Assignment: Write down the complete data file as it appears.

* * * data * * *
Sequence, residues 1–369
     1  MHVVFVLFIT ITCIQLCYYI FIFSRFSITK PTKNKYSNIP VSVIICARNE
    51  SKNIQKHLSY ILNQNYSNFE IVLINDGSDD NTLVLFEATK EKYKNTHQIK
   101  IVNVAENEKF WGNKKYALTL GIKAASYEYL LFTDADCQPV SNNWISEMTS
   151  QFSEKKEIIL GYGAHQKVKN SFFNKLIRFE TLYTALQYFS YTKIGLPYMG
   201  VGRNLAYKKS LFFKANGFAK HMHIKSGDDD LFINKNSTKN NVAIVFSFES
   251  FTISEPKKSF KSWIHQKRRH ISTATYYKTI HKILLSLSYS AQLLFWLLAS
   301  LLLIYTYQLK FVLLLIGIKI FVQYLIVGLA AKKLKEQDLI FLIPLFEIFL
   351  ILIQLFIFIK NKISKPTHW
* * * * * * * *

Sequence, residues 1–369
     1  MHVVFVLFIT ITCIQLCYYI FIFSRFSITK PTKNKYSNIP VSVIICARNE
    51  SKNIQKHLSY ILNQNYSNFE IVLINDGSDD NTLVLFEATK EKYKNTHQIK
   101  IVNVAENEKF WGNKKYALTL GIKAASYEYL LFTDADCQPV SNNWISEMTS
   151  QFSEKKEIIL GYGAHQKVKN SFFNKLIRFE TLYTALQYFS YTKIGLPYMG
   201  VGRNLAYKKS LFFKANGFAK HMHIKSGDDD LFINKNSTKN NVAIVFSFES
   251  FTISEPKKSF KSWIHQKRRH ISTATYYKTI HKILLSLSYS AQLLFWLLAS
   301  LLLIYTYQLK FVLLLIGIKI FVQYLIVGLA AKKLKEQDLI FLIPLFEIFL
   351  ILIQLFIFIK NKISKPTHW